Hilliard could lose some jobs and income-tax revenue next year, according to David Meadows, the city’s economic-development director.
Verizon spokesman Steve Van Dinter said March 13 that the 500 employees at the call center on the Britton Parkway campus in Hilliard will transition to home-based agents.
Current call-center employees who don’t want to become home-based agents can ask for a transfer to another call center, he said.
Verizon recently announced the closure of one-third of its U.S. call centers, according to the Communications Workers of America union.
The CWA also claims many of the transitions will involve layoffs.
"Workers deserve real job security," said Dennis Trainor, CWA District 1 Vice President and chair of CWA's Wireless Workers United, a network of union and nonunion workers organizing to protect good jobs and quality customer service. "If this is not a layoff, as Verizon Wireless claims, all workers at the six affected centers should get to keep their jobs. If workers don't qualify for home-based positions, Verizon should provide nearby office space and not force workers to relocate hundreds or thousands of miles away from their current jobs."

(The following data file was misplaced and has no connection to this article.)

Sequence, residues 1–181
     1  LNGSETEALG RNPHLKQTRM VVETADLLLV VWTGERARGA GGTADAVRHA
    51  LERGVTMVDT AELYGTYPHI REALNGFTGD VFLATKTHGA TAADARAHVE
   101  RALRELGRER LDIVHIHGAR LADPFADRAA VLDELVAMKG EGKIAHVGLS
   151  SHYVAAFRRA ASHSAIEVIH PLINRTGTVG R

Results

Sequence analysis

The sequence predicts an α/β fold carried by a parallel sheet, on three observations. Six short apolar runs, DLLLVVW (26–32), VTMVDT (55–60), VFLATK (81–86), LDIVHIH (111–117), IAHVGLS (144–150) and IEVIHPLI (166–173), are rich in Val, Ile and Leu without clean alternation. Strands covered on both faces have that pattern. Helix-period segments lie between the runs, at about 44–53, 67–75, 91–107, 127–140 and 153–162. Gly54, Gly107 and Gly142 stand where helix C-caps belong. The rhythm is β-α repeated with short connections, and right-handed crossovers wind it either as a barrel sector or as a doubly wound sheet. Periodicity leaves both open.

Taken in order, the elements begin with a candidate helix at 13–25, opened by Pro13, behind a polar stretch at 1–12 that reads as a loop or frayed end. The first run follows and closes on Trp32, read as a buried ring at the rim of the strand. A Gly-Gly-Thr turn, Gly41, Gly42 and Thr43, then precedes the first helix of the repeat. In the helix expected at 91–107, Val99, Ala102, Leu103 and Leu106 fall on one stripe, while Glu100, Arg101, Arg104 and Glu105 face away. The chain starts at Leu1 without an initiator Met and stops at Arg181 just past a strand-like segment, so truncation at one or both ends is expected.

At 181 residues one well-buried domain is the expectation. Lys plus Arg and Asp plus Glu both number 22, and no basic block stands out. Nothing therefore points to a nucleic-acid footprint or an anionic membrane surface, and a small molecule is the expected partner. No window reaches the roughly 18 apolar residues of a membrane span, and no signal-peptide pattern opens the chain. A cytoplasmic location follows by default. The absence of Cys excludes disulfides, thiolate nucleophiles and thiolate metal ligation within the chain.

Van Dinter called the CWA statement “inaccurate.”
“If they accept (becoming a home-based agent) or transfer, they keep their job," he said.
The only qualification is having a “quiet room,” he said.
“We are paying our employees the same pay and benefits in the comfort of their own home,” he said.
The ability to work from home is something Verizon officials believe employees prefer, Van Dinter said.
“Verizon provides the equipment they need and a $65 stipend for internet access,” he said.
For those seeking a transfer, Verizon is paying $500 in travel expenses and a two days of paid time-off to make the transition, Van Dinter said.
Meadows told Hilliard City Council members March 13 that Verizon decided to allow some of its employees to work remotely.
“Verizon has announced the closure of several contact centers across the country. This is part of an effort to overcome challenges hiring second- and third-shift workers by allowing employees to work from home,” Meadows said. “While this will impact Hilliard’s contact center, the program is starting off as a voluntary initiative so the company is not able to provide a specific headcount.”
He said income-tax revenue could be lost when workers who don’t live in Hilliard become home-based, but all call-center workers who are Hilliard residents would remain subject to the local tax.